Practicing Memory (Cittadellarte-Fondazione Pistoletto, Italy)

Practicing Memory graphic identity by Chiara Figone, after Watching over the Reichstag, 2010, by Société Réaliste.

On 25-26 June 2010, during the 13th edition of Arte al Centro (Art at the Centre), the annual international festival that focuses on the sphere of art in the ongoing transformation of society, Cittadellarte-Fondazione Pistoletto will be opening:

Practicing Memory – in a time of an all-encompassing present

25 June – 30 September 2010

Opening:
Friday 25 June, from 3 pm onwards

Cittadellarte – Fondazione Pistoletto
via Serralunga 27, Biella
Italy
www.cittadellarte.it

Practicing Memory – in a time of an all-encompassing present
group exhibition curated by Matteo Lucchetti

With: Francesco Arena, Rossella Biscotti, Beatrice Catanzaro, Chto Delat, Michelangelo Consani, Danilo Correale, Dora Garcia, André Guedes, Shilpa Gupta, Rabih Mroué, Nikolay Oleynikov, Wendelien Van Oldenborgh, Mirko Smerdel, Société Réaliste, Stefanos Tsivopoulos and Vangelis Vlahos

In a world in which national narratives and their links with the present have been replaced by the construction of a supposedly global memory made of collective media events, with all their emotional impact, what value can be given to work carried out by artists on the mechanisms that occur between oblivion and memory? How is it possible to create short circuits in contemporary flows of history, which are dominated by the detachment needed to ensure the blindness with which the present is understood? Practices linked to memory are part of a process that is under way. Here the value they acquire is that of “memory systems” – as Leonardo Sciascia, in his Teatro della Memoria, defines the way in which Giordano Bruno conceives his method of creating visual codes linked to memory. And it was again Sciascia who described how an age in which memory is no longer exercised is an age destined to become a “totalising and totalitarian” present.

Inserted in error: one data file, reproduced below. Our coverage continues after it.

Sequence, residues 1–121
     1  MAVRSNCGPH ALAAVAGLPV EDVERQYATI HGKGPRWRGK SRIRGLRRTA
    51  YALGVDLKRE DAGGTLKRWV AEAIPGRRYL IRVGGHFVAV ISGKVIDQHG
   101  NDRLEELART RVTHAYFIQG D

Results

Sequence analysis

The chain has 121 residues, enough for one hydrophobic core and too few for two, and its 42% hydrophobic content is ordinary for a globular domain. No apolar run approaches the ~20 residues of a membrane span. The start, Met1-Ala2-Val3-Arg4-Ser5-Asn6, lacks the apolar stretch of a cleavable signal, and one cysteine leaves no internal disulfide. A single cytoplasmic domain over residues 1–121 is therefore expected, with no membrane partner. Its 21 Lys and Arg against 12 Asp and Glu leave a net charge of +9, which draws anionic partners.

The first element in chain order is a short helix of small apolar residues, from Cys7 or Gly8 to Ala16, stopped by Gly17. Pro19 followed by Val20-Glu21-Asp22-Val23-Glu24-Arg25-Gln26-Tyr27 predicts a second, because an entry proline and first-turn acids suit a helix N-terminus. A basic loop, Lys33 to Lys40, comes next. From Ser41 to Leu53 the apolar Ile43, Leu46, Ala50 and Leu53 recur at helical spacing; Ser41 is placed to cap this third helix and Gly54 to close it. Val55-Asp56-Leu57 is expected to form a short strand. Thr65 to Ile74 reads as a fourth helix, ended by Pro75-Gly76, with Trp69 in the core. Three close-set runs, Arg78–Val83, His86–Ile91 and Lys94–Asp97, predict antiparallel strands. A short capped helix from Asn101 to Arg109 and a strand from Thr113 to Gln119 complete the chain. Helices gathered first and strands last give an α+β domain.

The present time, to which the exhibition spaces are devoted, and its relationship with the past constitutes the initial moment of reflection on the concept of “practising memory”, around which the exhibition revolves. In a contemporary scenario in which present-day rhetoric takes up such a large part of the flow of communication, the construction of individual and collective memory is suggested as a necessary practice within the constant social and political process which takes place between memory and amnesia. Practicing Memory investigates the potential for interaction opened up by art with regard to this process, problematising some of the key concepts that form part of any disquisition on memory.

The shared backdrop against which most of the works on show project their own research are ascribable to a European context, which needs to be seen not just in geographic terms but also as regards the scenarios it involves. These include the postcolonial legacy, the post-soviet dimension, great national narratives and processes of a monumentalisation of memory towards what is referred to as the “planned loss of history”. The European continent and its historical, social, and cultural heritage is thus repeatedly quoted and brought into question within its own historiographical dimension. Running parallel to this there is another category of reflections which contrast with the circularity of the concatenations of macro and micro narratives. This takes place through the inclusion of analyses which reveal the critical aspects that emerge within the process of creating memory. This leads to the idea of accessibility and participation in drafting a public memory, directly linked to the antagonistic effect of counter-memories. The concept of repetition as a fundamental mechanism of the exercise of memory and, again, the individual stories of the multitude – of the masses who are never the subject of history, and who are as fragile as straws and never present in their own historical age, as Masanobu Fukuoka puts it.

The works chosen vary from videos to installations, to wall paintings and performances, all the way through to the work on the exhibition display by the French collective Société Réaliste.

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Filed under art exhibitions, contemporary art

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